City to distribute TID funds, room tax revenue down in 2018

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Surrounded by a large turnout of his fellow Prairie du Chien firefighters, John Yager holds the framed resolution presented to him by the common council Tuesday night for 55 years of dedicated service to the department. (Photo by Correne Martin)

Fireman commended for 55 years of service

By Correne Martin

The Prairie du Chien Common Council approved distribution of tax increment district (TID) funds, commended a fireman for 55 years of service, learned 2018 motel room tax revenue was down, and took the final step in getting Crossing Rivers Health the entrance driveway it’s wanted since the new hospital was built. 

TID 4 was created in Prairie du Chien on July 14, 1994, and labeled the Prairie Industries TID. A project plan for it was also developed that year. According to the terminating resolution the council approved during its meeting Tuesday, all TID 4 projects were completed in the prescribed expiration time. That expenditure period was by July 2016, said Kristin Hanson, a financial adviser from PFM Asset Management in Milwaukee.

Before terminating it, the council had the option to utilize the funds—approximately $99,000—for affordable housing and city housing stock improvements. However, a committee involving City Administrator Chad Abram, City Planner Garth Frable, City Clerk Tina Fuller, a Vierbicher Associates consultant and Hanson recommended the council choose to close it. 

“We decided among us that the amount is not a lot,” Abram explained. “I also talked to (school administrator) Bob Smudde, and he said, while the school would like more enrollment, that amount wouldn’t necessarily mean a boom in new family homes. So we thought, we’d hand it back to the taxpayers in good faith.”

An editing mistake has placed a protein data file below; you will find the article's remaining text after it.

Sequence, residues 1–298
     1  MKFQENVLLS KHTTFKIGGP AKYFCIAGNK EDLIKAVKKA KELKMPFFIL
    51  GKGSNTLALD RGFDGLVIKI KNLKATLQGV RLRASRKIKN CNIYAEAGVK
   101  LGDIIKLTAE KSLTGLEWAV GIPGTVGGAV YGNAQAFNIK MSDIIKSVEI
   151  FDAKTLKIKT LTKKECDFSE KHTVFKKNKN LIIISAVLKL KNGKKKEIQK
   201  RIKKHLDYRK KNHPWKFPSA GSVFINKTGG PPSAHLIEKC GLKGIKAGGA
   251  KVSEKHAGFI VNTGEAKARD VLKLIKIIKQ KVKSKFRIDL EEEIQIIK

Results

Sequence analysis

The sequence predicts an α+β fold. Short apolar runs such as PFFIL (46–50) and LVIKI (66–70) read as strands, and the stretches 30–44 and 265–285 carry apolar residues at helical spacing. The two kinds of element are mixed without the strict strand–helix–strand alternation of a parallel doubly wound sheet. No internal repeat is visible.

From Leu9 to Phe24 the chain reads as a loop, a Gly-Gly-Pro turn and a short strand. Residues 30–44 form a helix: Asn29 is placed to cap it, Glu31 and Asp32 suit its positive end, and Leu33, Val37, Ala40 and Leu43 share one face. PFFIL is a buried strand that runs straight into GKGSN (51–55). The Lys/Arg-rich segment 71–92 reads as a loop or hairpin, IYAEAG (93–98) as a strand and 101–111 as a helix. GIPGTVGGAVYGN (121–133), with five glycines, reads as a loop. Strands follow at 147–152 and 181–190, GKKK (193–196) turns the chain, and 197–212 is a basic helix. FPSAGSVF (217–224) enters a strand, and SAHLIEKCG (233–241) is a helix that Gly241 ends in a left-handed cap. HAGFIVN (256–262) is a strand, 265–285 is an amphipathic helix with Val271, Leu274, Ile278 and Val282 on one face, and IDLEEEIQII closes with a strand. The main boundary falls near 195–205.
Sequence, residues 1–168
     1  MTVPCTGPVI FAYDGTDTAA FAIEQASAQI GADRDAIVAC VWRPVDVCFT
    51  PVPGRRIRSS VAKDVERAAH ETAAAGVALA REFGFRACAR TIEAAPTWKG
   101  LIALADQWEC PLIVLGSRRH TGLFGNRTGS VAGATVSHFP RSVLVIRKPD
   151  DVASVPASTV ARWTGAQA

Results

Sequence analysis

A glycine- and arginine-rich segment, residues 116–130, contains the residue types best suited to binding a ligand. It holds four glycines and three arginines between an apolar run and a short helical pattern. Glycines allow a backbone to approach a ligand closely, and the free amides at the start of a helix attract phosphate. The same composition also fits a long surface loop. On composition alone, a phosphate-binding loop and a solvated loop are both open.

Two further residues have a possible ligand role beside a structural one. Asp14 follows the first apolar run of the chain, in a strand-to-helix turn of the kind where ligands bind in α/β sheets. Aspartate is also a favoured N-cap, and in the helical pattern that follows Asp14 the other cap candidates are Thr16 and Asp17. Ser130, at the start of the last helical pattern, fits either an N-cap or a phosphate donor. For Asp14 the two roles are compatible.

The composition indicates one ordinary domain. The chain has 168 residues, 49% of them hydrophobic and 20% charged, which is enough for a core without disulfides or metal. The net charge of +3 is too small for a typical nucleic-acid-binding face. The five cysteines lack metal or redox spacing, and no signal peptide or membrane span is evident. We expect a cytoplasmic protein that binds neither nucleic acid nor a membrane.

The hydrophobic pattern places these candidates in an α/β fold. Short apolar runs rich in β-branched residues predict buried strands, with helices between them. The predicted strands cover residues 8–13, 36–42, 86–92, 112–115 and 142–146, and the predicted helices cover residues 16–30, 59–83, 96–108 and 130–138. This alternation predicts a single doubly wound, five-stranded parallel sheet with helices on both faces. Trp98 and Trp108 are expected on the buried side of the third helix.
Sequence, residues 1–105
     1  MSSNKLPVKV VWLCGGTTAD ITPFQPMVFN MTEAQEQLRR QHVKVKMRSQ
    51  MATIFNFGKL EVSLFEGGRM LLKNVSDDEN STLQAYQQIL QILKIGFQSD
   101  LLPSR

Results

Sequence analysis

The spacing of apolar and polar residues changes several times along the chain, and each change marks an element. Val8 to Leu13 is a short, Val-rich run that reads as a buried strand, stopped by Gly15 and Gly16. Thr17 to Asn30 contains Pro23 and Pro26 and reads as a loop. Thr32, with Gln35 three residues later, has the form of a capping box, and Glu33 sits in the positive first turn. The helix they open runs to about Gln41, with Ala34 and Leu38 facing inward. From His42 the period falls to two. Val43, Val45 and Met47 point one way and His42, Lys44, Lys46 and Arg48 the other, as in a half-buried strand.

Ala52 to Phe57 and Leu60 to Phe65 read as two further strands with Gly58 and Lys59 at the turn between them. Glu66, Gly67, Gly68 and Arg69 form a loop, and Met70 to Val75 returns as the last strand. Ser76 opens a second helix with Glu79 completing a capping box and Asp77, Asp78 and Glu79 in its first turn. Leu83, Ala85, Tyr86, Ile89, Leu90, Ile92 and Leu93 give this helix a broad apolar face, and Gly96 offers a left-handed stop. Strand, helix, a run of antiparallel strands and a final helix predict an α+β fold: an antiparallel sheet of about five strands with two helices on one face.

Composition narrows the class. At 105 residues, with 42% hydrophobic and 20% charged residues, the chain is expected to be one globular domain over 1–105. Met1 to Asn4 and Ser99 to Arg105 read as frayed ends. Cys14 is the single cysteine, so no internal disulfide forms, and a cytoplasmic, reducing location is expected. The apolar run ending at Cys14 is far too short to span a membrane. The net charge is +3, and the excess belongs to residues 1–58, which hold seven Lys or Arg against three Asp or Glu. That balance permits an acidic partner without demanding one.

In closing the TID, the city will distribute excess increment collected by proportionate shares among affected taxing jurisdictions, which include the city, school district, Crawford County and Southwest Tech. 

Fuller estimated Tuesday that the city’s portion of that amount would be around 30 percent. That money will go into the city’s general fund unless the council decided to earmark it for a specific purpose.

Abram said the council will have a similar discussion in September to discuss terminating TID 6, aka the Cabela’s TID. 

Firefighter retires

After dedicating 55 years to the Prairie du Chien Fire Department, John Yager has decided to retire from his position as a city firefighter.

“It’s been a privilege,” he said when honored with a resolution by the common council Tuesday. 

Yager began his career with the fire department in March of 1964. According to the resolution, he “responded to a cosmic variety of calls during the day, night and weekends regardless of weather conditions.” During his career, he was also involved in community outreach to both young children and grown adults on the importance of fire safety, thus creating a safer environment for all Prairie du Chien residents.

“I actually started going to fires in October the year before but I hadn’t had a physical and they wouldn’t let me on,” Yager laughed, telling the council. “I had just gotten out of the National Guard. Larry Yeomans was in the Guard with me and on the fire department, and he suggested I join the department. So I did.”

All in all, Yager said he’s felt his fellow firemen have stuck together for the betterment of the community. “I’m just here and did my part to help my community,” he said. 

Room tax revenue down